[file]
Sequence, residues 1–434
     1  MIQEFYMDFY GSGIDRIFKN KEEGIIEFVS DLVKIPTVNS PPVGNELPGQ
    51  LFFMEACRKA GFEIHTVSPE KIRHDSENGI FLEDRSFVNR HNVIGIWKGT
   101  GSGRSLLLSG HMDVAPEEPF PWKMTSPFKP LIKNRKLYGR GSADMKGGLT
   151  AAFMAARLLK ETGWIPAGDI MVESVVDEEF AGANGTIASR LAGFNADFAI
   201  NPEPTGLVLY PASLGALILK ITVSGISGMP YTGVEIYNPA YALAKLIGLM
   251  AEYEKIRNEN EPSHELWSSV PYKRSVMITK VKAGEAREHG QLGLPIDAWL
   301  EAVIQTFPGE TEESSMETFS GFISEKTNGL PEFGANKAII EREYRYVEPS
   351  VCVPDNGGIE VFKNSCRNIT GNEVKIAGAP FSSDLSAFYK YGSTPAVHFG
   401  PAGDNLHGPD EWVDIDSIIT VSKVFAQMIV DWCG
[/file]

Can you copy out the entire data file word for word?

Sequence, residues 1–434
     1  MIQEFYMDFY GSGIDRIFKN KEEGIIEFVS DLVKIPTVNS PPVGNELPGQ
    51  LFFMEACRKA GFEIHTVSPE KIRHDSENGI FLEDRSFVNR HNVIGIWKGT
   101  GSGRSLLLSG HMDVAPEEPF PWKMTSPFKP LIKNRKLYGR GSADMKGGLT
   151  AAFMAARLLK ETGWIPAGDI MVESVVDEEF AGANGTIASR LAGFNADFAI
   201  NPEPTGLVLY PASLGALILK ITVSGISGMP YTGVEIYNPA YALAKLIGLM
   251  AEYEKIRNEN EPSHELWSSV PYKRSVMITK VKAGEAREHG QLGLPIDAWL
   301  EAVIQTFPGE TEESSMETFS GFISEKTNGL PEFGANKAII EREYRYVEPS
   351  VCVPDNGGIE VFKNSCRNIT GNEVKIAGAP FSSDLSAFYK YGSTPAVHFG
   401  PAGDNLHGPD EWVDIDSIIT VSKVFAQMIV DWCG